The Herald's former chief reporter returned to his homeland this week to cover Nelson Mandela's funeral. Struck by the changes, he wrote this personal view on the country's future

Nelson Mandela made one final trip home to the little village of Qunu in Transkei, South Africa when his body was transported in a military procession.

He will be buried next to his ancestors in a private ceremony for family and invited guests.

Helicopters circled above while a fleet of Military Police, resplendent in full dress uniform, rode motorbikes ahead of the entourage that included the hearse carrying the coffin draped in the South African flag.

Armoured military vehicles rumbled behind as the South African National Defence Force put on a show for its former Commander-in-Chief.


A human chain of African National Congress supporters stretched a couple of hundred metres out from a roadblock on the outskirts of the village. Supporters had done the same in Mthatha, about 30 kilometres away on the road to Durban. The body was earlier flown from Waterkloof Military airbase in Pretoria after the ANC had held a tribute to Tata Madiba, as he being affectionately called.

About one hundred journalists from all around the world waited for hours in the sun for the funeral procession to arrive. Onlookers also came from far and wide, including three young teenagers from Mthatha.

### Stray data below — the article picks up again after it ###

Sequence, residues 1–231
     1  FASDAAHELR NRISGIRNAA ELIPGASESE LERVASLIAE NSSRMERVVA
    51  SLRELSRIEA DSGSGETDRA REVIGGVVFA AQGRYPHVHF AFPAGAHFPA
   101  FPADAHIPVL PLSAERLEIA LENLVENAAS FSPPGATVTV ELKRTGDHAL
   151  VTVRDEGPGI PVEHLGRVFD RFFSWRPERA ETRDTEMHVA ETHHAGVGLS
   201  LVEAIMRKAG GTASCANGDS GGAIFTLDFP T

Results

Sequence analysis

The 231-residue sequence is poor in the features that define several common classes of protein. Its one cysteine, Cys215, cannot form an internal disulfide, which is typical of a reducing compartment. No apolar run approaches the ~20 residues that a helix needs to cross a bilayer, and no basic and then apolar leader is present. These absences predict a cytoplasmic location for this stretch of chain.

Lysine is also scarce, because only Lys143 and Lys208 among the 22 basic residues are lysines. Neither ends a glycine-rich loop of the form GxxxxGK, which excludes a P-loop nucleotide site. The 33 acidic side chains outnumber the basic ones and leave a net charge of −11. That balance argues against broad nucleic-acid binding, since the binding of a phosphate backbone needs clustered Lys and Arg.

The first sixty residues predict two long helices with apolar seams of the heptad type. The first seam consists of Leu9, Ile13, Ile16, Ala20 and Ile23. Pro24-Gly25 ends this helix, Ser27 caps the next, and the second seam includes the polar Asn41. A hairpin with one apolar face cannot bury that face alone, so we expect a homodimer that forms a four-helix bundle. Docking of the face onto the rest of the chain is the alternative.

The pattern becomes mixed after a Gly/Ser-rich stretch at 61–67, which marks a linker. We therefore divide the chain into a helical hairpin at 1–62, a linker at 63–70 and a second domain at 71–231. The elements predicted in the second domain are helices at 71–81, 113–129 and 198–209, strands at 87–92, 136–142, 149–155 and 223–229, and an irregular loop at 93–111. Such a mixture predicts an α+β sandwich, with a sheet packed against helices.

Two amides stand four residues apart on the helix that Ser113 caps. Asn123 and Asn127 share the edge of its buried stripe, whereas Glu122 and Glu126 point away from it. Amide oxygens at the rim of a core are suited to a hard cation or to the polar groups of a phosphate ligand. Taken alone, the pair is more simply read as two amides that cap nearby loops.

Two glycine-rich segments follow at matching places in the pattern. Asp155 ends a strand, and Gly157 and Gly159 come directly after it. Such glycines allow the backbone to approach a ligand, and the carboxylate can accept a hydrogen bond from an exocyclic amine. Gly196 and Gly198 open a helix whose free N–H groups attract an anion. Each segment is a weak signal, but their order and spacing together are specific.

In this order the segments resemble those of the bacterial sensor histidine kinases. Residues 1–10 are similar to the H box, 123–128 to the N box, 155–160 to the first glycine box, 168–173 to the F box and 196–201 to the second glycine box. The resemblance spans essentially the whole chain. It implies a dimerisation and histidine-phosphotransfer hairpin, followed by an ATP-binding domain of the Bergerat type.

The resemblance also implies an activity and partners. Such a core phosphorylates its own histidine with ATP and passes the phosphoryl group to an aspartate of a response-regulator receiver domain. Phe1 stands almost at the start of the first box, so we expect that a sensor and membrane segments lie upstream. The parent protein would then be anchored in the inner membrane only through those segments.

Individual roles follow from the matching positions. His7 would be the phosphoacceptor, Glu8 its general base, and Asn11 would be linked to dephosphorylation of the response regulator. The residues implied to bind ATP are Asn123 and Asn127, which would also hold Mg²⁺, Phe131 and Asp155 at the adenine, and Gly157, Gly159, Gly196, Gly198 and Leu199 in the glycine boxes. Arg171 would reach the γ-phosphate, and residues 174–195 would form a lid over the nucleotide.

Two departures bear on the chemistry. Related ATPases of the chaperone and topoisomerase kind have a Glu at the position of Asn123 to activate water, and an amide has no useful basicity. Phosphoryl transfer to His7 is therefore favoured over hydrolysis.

Zingiale Dikane, 17, Apiwe Ndende, 18 and Apelele Sqikene, 18, said they loved Mandela and would always remember him.

Twenty one-year-old Unalo Khosona, who works as a tour guide at the Nelson Mandela Museum a few hundred metres up the road, said it was a special day for the region. She said she had mixed emotions because on the one hand she was sad that Mandela had died, but on the other hand his burial in the village would attract tourists.

"I am hoping that we will be allowed to take people to the grave when he is buried there. We have lots of interest from foreigners and locals and it would be a great opportunity," Ms Khosona said.

As the funeral procession approached the village, the weather changed and clouds started forming.

South African journalist Enoch Mthembu said this was a sign.

He said Africans believed that rain was a blessing.

"That is why storm clouds came over as his body came to the village."

"If a person does good things, the rain clouds follow him."

He said the weather in South Africa had been hot before Mandela died, but most parts of the country had experienced rain ever since his death.

Mr Mthembu said the Xhosa and Zulu tribes, who are both part of the Nguni group of people believed that when a good person died, rain would come and there would be prosperity.

"Cows have calves, the grass grows and wild animals have water to drink."

"Do you know what has made Mandela such a good man? Reconciliation and forgiveness."